Simulation Model of Prebiotic Evolution of Genetic Coding
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Simulation Model of Prebiotic Evolution of Genetic Coding

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Simulation Model of Prebiotic Evolution of Genetic Coding Simulation Model of Prebiotic Evolution of Genetic Coding Document Transcript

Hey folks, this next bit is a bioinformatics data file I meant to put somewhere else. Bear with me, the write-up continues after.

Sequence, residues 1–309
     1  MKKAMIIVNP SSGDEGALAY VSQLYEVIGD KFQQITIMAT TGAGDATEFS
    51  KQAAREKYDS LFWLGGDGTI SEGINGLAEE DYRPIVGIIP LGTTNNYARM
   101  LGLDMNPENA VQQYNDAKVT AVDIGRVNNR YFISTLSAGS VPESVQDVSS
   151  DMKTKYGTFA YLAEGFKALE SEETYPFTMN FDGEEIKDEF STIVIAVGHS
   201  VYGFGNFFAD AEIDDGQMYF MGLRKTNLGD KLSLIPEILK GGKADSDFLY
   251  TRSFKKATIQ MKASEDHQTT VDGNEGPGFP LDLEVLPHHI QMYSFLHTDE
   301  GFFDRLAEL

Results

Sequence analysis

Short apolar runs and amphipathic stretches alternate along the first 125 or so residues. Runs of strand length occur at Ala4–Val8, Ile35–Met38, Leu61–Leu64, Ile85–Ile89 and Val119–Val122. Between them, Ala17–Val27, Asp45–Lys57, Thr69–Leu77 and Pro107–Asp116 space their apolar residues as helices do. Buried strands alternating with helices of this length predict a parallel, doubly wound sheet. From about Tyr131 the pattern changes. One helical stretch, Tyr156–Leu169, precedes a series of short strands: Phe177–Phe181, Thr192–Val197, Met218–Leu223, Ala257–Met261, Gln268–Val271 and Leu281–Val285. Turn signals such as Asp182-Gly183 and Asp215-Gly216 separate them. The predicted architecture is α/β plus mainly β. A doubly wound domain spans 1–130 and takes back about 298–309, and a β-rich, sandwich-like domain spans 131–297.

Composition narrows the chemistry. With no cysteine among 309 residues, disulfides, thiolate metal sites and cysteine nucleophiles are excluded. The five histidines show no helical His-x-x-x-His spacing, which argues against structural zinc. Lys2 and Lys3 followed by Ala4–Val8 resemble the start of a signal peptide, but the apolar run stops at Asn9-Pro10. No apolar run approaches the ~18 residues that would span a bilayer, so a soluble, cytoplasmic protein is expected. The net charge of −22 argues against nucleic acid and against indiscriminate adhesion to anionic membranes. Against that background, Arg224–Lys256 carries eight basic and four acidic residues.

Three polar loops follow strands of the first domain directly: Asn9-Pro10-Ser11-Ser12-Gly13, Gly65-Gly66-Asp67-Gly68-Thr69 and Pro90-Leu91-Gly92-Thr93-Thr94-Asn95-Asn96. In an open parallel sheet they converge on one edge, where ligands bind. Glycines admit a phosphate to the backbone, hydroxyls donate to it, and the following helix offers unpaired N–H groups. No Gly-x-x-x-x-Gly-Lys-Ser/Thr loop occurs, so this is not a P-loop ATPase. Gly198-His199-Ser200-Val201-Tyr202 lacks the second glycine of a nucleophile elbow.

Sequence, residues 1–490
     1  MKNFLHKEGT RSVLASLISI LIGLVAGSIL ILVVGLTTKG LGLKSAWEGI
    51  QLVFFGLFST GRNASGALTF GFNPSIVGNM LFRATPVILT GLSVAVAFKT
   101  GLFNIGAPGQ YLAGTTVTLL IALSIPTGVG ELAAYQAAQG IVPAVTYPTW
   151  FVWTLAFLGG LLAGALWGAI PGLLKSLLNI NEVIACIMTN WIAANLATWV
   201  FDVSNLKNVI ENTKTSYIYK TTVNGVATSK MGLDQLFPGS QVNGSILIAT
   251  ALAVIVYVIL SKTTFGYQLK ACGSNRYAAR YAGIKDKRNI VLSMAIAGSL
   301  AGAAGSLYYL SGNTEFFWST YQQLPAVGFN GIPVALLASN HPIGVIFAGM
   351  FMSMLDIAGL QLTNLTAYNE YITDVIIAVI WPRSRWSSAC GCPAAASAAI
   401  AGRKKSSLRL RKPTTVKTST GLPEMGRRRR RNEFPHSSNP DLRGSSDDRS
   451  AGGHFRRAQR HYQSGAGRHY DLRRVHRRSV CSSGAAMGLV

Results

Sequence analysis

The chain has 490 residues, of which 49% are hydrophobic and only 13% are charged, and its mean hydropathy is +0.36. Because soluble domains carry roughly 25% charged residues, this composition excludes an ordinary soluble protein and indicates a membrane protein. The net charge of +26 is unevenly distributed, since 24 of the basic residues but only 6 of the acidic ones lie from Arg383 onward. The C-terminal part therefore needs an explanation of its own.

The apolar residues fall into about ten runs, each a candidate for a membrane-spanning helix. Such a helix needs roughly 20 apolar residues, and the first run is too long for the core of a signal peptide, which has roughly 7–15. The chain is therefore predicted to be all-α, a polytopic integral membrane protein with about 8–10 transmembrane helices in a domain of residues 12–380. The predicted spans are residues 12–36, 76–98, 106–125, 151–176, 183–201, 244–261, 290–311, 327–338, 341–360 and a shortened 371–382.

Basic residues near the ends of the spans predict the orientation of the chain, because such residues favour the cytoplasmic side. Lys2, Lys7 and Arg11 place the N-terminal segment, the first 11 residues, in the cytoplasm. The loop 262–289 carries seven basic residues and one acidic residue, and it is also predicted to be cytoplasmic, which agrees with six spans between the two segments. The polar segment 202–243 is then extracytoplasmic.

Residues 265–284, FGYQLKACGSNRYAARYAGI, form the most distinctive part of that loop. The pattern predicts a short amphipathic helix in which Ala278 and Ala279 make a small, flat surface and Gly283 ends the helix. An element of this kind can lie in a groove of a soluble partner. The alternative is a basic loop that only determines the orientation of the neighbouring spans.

• Simulation Model of Prebiotic Evolution of Genetic Coding Sidney Markowitz1 , Alexei Drummond1 , Kay Nieselt2 and Peter R Wills3 1 Department of Computer Science, University of Auckland, PB 92019, Auckland, New Zealand 2 Zentrum f¨ r Bioinformatik T¨ bingen, Universit¨ t T¨ bingen, D-72076 T¨ bingen, Germany u u a u u 3 37 Fairlands Avenue, Waterview, Auckland 1007, New Zealand sidney@sidney.com Abstract work that this paper extends can be found in Wills (Wills, 1993; Wills, 2004). Papers by Wills (Wills, 1993) and Common to all life on Earth are the mechanisms of ge- netic encoding, in which specific trinucleotide sequences in Nieselt-Struwe and Wills (Nieselt-Struwe and Wills, 1997) DNA and RNA map to specific amino acids in synthesized that develop a model of protein translation which allows the proteins. This paper investigates a novel gene-replicase- derivation of formal constraints on genetic coding systems translatase (GRT) system to determine whether emergence are the immediate predecessors of the present work. of genetic encoding from an initially random population of genes and proteins is feasible. The model incorporates gene Eigen (Eigen, 1971) elucidated the notion of an error replication with mutation, error-prone protein translation, and threshold as a solution to the so-called “error catastrophe” an arbitrary encoding from codons to amino acids. Sim- problem with error prone replication in autocatalytic sys- ulations on the order of 109 event steps demonstrate self- tems. Hoffman (Hoffman, 1974) applied a similar thresh- organization to evolutionary stability with distinct phase tran- old to the process of translation of codons to amino acids. sitions. The ranges of parameters that lead to an apparent attractor state are consistent with the notion of error thresh- Wills (Wills, 1994) showed that in a chemically homoge- old as a determinant of stability in error-prone autocatalytic neous self-organized coding system mutation during gene systems. replication inevitably leads to collapse. F¨ chslin and McCaskill (F¨ chslin and McCaskill, 2001) u u Background added an error-prone replication process to a simplified ver- One of the processes in prebiotic evolution that is not yet sion of the error-prone translation process model to show very well understood is the mechanism of emergence of ge- that reaction-diffusion coupling can allow the two processes netic coding: a regular mapping from the set of trinucleotide to self-organize into a stable system. They described what codons onto the 20 standard amino acids. The mapping they call a Gene Replicase Translatase (GRT) system that in- is mediated by proteins, the aminoacyl-tRNA-synthetases cludes gene replication with mutation catalyzed by a “repli- (AARS), each of which catalyzes the assignment of a par- case” protein, protein synthesis with coding catalyzed by a ticular amino acid to its set of cognate codons. The proteins “translatase” and two alternate translatase proteins that im- which catalyze the decoding that constitutes protein synthe- plement non-target codings. sis are themselves products of that synthesis. The extant au- The present work models a GRT system that is more com- tocatalytic system of coded protein synthesis poses the ques- plex and more realistic than that of F¨ chslin and McCaskill u tion of how it bootstrapped itself into existence and how it (F¨ chslin and McCaskill, 2001). Separate translatases for u maintains stability. each codon-to-amino acid assignment are embedded as cat- Some indication of the path of evolution of the current alytic centers in the protein sequence. Our reaction em- system of genetic coding from simpler systems can be found ploys a separate translatase for each amino acid (like the in the structure of the AARSs. O’Donoghue and Luthey- real process) whereas F¨ chslin and McCaskill employed a u Schulten (O’Donoghue and Luthey-Schulten, 2003) have single translatase for the entire synthesis of a new protein. created a structural phylogeny of AARSs that suggests an Their model was embedded on a three dimensional lattice early mapping from classes of codons to classes of amino with one molecule per node and diffusion between nodes. acids, evolving through steps of increasing specificity of Our model also demonstrates stabilization through reaction- mapping. diffusion coupling, but uses a one-dimensional lattice of The focus of the current work is on modeling the charac- ”well-mixed” compartments containing variable numbers of teristics of an autocatalytic system that can achieve stabil- molecules, with diffusion between compartments. ity and can self-organize to the type of informational com- Eigen (Eigen, 1971) formulated an abstract and general plexity seen in modern genetic systems. An overview of the model that provides insights that are useful when attempt-